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Homework Help: Why -3db frequency shows 45degree phase shift?

  1. Apr 10, 2007 #1
    help me guys....
    i reall need the answer ASAP....:cry:
    Thanx in advance..
     
  2. jcsd
  3. Apr 10, 2007 #2
    In a simple RC filter yes.
     
  4. Apr 10, 2007 #3

    berkeman

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    Staff: Mentor

    Write the transfer equation for a simple RC lowpass filter as lpfr suggests, using complex impedances. Then solve for the frequency where the magnitude of the transfer function is:

    [tex]\frac{V_o}{V_i} = -6dB [/tex]

    or

    [tex]\frac{P_o}{P_i} = -3dB [/tex]

    and then plug that frequency back into the transfer function equation to find the phase shift at the -3dB point. Show us your work.


    EDIT -- fixed a power versus voltage error that I had in the transfer function equations.
     
    Last edited: Apr 11, 2007
  5. Apr 10, 2007 #4
    thanx...really apperitiate if u guys can explain to me in deapth..:smile:
     
  6. Apr 11, 2007 #5

    berkeman

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    Staff: Mentor

    We'd be happy to. Show us your work in writing the equations that I mentioned, and then we can start discussing them if you don't get something. Again, we do not do your work here on the PF -- you need to show your work here, in order to get our help.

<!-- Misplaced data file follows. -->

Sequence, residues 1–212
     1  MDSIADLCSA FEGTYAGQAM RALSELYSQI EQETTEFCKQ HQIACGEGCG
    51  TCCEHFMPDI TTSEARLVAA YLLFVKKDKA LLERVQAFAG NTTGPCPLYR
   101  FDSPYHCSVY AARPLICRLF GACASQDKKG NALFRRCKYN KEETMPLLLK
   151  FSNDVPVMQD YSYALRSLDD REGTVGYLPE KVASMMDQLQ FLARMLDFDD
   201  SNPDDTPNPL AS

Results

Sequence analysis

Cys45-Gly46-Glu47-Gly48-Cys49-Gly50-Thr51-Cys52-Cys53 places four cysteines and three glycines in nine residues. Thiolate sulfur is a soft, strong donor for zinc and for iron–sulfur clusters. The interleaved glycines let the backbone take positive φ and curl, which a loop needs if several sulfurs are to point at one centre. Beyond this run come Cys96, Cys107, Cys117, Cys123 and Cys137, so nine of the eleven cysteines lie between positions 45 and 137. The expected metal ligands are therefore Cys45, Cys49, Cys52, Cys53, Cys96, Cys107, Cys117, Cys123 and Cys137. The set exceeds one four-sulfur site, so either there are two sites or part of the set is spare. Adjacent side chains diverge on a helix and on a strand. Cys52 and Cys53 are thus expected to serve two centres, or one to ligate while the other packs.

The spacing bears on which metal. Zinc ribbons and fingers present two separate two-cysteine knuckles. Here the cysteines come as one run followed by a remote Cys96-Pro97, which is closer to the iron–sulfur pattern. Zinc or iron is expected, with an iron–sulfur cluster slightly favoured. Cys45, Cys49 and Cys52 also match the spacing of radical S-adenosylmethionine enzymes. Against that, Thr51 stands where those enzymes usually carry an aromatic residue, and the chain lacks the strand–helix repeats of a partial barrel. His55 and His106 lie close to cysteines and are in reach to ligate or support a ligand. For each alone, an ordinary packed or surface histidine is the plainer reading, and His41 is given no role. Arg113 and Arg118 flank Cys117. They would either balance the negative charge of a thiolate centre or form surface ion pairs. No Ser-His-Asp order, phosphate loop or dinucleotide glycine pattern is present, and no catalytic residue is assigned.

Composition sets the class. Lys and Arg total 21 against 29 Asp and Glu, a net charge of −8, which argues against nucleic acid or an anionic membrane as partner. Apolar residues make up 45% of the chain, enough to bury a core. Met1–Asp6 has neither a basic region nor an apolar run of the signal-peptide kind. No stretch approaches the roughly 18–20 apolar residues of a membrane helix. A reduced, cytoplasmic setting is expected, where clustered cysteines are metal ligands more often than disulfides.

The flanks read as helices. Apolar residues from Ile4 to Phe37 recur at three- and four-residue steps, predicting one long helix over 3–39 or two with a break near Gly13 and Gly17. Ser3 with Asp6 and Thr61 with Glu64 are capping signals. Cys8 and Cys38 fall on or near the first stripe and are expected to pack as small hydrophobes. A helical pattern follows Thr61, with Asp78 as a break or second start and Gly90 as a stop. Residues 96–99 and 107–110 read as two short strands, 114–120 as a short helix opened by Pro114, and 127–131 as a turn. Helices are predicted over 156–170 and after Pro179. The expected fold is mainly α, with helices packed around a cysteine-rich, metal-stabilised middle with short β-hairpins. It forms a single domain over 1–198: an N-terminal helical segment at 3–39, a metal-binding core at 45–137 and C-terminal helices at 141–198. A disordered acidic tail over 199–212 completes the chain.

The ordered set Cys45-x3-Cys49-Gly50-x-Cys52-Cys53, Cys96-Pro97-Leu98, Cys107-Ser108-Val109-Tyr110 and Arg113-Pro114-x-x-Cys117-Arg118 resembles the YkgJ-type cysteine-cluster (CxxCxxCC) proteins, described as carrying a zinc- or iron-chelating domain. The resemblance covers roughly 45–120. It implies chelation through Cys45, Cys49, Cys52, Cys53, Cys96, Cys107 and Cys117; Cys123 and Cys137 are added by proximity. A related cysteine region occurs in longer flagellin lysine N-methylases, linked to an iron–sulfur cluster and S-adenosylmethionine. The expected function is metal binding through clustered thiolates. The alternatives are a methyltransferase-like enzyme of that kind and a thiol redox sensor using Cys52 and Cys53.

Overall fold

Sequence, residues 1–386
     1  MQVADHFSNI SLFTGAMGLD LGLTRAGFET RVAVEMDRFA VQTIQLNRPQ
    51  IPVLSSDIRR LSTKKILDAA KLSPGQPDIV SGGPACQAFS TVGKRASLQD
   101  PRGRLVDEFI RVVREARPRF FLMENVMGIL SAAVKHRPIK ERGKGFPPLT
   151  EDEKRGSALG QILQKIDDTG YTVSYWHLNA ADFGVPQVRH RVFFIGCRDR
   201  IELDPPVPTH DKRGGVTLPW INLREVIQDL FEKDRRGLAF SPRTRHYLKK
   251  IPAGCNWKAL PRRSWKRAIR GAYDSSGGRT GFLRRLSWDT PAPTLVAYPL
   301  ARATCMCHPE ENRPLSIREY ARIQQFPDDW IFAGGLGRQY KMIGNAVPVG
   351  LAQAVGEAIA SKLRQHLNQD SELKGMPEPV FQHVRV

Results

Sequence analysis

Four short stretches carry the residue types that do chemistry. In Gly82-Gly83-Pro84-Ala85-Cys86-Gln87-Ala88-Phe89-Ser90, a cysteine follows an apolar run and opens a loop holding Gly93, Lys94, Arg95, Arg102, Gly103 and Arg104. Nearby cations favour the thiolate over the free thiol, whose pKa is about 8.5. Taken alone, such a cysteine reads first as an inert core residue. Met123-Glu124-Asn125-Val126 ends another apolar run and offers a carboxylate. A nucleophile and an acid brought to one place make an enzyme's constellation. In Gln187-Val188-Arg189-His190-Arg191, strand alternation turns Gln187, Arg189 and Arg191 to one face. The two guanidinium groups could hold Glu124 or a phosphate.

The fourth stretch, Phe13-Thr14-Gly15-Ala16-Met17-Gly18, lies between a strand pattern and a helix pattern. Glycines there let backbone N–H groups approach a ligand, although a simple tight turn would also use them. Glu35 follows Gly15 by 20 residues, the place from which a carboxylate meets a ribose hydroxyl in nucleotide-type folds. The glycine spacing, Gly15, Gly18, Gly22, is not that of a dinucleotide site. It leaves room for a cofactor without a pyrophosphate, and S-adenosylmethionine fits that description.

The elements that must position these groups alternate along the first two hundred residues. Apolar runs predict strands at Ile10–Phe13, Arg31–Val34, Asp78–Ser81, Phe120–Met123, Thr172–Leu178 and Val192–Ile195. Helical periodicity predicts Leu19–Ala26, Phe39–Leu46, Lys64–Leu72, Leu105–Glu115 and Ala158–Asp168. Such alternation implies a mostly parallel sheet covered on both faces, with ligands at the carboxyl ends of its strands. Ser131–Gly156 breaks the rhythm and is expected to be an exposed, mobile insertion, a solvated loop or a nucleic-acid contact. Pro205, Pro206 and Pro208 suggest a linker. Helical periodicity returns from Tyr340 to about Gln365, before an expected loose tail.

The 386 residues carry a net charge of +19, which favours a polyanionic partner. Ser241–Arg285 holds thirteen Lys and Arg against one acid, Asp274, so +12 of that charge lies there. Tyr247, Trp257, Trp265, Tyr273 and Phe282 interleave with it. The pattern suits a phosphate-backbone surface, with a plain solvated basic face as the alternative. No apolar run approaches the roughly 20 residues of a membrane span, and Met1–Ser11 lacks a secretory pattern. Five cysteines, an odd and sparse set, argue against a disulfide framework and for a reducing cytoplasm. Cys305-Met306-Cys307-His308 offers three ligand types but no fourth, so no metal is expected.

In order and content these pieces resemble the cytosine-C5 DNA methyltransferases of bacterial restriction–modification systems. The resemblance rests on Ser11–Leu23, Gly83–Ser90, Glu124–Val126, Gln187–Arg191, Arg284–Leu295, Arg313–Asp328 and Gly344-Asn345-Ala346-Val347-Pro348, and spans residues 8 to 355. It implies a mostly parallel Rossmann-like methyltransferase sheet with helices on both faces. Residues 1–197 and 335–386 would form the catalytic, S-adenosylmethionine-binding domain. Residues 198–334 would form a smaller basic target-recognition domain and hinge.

7. Apr 11, 2007 #6
    the question is:

    why we choose -3db as a corner frequency?
    why -3db show 45 degree phase shift?
     
  8. Apr 11, 2007 #7
    i just need your help to enhance my answer.
     
  9. Apr 11, 2007 #8

    berkeman

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    Staff: Mentor

    AFAIK, -3dB power (or -6dB voltage) is just a handy convention for the "corner" frequency. Although the -45 degree phase shift may be the reason that it is the handy convention.

    For you to give a good answer to these questions, you need to do the math that I described. You will see why the -45 degree phase shift corresponds to a -3dB in power for the transfer function, or equivalently a -6dB in the voltage transfer function.

    BTW, I see now that I was careless and showed -3dB in the voltage tranfer function. I've gone back and corrected that. in my previous post in this thread.
     
  10. Apr 11, 2007 #9

    berkeman

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    Staff: Mentor

  11. Apr 14, 2007 #10
    There is a 45 degree shift because R=C at fc. So the circuit is neither capacitive nor resistive. arctan -Xc/R where Xc=R so arctan -Xc/R == arctan -1 ==-45deg.
    that was a little shortcutish way.

    real angle derivation is from the transfer function berke is talking about. vo/vi. you will find the angle to be -90 - arctan -Xc/R for lowpass RC.

    hope that was helpful.
     
    Last edited: Apr 14, 2007
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